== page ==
Reinforcements at Security Bank

HIDDEN AGENDA - The Philippine Star

Last Tuesday, Security Bank Corporation caught quite a lot of attention after announcing the impending nomination of its president, Abet Villarosa, as the next chairman.

Villarosa is credited with helping lead the bank towards exponential growth. Under his stewardship, the bank rose to a position of leadership in terms of returns to shareholders. It also received recognition from international and local organizations for product innovation, market leadership and best-of-class management practices.   

Security Bank also announced that consumer banking veteran Yogi Salcedo would take the place of Villarosa as president and CEO.

Salcedo would be a prized addition to the bank’s already winning management team. His experience should indeed serve well in reinforcing the bank’s consumer banking strategy. With 30 years of experience in banking and finance under his belt, most of them in retail and consumer banking, he is an apt choice to be Security Bank’s next president especially in reinforcing its consumer bank strategy as a third pillar to complement the bank’s existing strengths in wholesale banking and financial markets.

It was in 2010 when the bank embarked on a growth strategy which involved building its retail and consumer banking business. Wholesale banking and financial markets have always been strong suits of the bank. So they subsequently set a new growth tack for retail banking to become what Villarosa refers to as the bank’s strong “third leg”.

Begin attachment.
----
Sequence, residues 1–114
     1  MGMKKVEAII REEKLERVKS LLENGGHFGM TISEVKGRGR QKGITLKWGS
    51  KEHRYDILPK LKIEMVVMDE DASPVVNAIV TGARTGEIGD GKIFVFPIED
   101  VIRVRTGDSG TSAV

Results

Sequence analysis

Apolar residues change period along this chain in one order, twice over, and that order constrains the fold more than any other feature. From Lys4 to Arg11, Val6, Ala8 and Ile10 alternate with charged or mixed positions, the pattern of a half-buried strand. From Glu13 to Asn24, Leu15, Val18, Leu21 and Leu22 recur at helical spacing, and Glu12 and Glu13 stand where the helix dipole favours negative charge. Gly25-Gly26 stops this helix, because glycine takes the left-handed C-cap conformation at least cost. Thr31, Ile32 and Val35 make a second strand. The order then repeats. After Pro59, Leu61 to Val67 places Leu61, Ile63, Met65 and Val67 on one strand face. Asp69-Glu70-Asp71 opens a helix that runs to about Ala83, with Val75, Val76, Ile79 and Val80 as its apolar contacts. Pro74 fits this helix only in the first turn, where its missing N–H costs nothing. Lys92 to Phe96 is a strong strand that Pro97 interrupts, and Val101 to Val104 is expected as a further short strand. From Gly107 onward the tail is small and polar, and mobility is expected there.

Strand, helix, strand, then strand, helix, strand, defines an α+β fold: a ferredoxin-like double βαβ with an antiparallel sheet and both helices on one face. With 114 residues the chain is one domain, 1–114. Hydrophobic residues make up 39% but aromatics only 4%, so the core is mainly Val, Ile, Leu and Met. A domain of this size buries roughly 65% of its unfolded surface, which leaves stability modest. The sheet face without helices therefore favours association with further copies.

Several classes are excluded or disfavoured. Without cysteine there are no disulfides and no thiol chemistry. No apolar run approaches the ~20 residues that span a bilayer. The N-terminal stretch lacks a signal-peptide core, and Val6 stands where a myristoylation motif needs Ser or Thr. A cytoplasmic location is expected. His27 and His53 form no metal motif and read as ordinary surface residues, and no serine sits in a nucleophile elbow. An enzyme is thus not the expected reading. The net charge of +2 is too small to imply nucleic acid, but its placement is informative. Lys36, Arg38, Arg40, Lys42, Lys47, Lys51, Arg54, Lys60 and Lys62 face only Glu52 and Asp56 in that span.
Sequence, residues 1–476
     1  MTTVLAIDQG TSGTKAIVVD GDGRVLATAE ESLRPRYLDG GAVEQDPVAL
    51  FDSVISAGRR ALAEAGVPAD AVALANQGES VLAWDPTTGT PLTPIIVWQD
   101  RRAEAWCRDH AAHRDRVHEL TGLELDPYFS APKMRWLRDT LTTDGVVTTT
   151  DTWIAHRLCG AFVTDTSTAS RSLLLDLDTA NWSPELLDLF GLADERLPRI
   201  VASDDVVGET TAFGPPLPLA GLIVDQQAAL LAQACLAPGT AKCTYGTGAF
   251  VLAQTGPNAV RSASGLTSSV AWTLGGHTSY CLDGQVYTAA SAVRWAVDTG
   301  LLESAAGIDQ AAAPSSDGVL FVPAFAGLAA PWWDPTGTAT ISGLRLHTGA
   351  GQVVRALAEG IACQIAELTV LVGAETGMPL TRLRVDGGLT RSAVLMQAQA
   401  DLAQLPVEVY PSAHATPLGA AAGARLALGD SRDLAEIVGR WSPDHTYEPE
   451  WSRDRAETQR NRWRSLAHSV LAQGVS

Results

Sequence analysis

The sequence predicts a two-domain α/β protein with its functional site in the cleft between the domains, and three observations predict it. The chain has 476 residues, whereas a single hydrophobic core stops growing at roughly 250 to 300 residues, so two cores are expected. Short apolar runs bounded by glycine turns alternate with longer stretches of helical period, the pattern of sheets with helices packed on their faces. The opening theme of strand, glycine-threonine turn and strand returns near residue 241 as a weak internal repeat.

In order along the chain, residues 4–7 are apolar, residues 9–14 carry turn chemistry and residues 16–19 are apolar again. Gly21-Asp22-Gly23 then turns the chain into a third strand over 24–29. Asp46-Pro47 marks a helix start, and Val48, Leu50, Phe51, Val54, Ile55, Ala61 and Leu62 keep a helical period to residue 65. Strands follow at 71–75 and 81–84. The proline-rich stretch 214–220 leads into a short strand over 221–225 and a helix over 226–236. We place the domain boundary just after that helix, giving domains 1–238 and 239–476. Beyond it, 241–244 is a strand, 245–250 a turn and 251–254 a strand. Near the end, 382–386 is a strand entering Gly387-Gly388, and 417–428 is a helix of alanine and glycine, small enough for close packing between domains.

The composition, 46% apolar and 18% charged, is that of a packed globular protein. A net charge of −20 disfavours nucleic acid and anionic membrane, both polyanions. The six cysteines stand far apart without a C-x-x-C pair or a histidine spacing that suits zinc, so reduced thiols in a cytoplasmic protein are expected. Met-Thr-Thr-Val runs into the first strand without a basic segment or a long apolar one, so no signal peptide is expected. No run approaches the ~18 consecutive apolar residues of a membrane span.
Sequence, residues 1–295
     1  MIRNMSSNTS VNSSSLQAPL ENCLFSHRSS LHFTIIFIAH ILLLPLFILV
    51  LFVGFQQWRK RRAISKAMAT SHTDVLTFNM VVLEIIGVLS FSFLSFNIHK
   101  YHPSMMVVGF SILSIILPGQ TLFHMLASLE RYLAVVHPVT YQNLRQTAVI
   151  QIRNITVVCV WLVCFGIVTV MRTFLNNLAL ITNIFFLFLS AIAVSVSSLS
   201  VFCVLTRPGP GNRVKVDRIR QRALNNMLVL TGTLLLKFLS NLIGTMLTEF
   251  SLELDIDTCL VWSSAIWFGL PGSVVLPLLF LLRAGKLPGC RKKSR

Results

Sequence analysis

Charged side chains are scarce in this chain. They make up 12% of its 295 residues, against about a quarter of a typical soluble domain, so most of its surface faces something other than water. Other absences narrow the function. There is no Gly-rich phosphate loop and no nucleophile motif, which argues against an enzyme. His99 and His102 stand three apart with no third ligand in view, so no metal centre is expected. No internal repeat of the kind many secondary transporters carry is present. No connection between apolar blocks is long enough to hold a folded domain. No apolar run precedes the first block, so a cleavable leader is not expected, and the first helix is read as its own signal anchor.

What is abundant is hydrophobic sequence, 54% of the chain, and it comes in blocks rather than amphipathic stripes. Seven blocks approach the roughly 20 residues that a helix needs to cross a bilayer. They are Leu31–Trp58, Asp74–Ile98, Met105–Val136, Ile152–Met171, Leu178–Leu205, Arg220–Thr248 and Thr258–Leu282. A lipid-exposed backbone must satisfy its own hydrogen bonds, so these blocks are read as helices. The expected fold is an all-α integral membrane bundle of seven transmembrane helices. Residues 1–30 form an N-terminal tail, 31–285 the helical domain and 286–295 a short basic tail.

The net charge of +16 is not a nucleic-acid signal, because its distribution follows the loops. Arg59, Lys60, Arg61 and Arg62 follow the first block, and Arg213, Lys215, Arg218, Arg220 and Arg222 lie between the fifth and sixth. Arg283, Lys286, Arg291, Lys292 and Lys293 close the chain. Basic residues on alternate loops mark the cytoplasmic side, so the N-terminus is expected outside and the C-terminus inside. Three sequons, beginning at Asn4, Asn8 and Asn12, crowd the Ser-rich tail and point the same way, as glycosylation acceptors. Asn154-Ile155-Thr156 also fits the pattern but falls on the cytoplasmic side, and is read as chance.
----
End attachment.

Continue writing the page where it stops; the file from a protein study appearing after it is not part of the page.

The bank’s erstwhile chairman, Frederick Dy, who by the way would step up as chairman emeritus, said that with Villarosa and Salcedo at the helm, he is confident the bank would move towards being among Asean’s best managed institutions in terms of good governance and sustainability to enhance shareholder value.

Still on the banking scene

President Aquino has finally signed the guidelines that would allow United Coconut Planters Bank to complete its rehabilitation initiatives. 

The guidelines, embodied in Executive Order 179, sets the path for the privatization of coco levy assets among which include a significant number of shares in UCPB. And it is the liquidation of coco levy assets-owned shares that are at the core of the bank’s the rehabilitation process.

No less than UCPB president Jerry Kilayko stressed how the bank had been keenly awaiting this development. Its impact on UCPB could be described as ?nothing but favorable because it carries the bank one “giant step” closer towards recapitalization, a process that would give UCPB more resources to expand and ultimately, revitalize and strengthen the bank’s overall competitive position. 

Not just a few potential investors, some of them financial institutions keen on expanding their network through mergers or acquisitions, have expressed interest in participating in UCPB’s recapitalization.

Their serious interest in UCPB is not surprising. They evidently recognize UCPB’s strength and value which reflect how competitive UCPB is perceived in the industry.

Just consider, for example, the fact that the bank has grown exponentially, now with 188 branches nationwide, despite never having had the chance to increase its capitalization during its entire corporate life. (The bank was originally founded in 1963 with only P1.5 billion in capital.)

Notwithstanding such handicaps, the bank remained focused on continuously creating value-adding services to its target market through technology -based initiatives that would allow it to reduce operating costs, improve efficiencies and enhance competitiveness.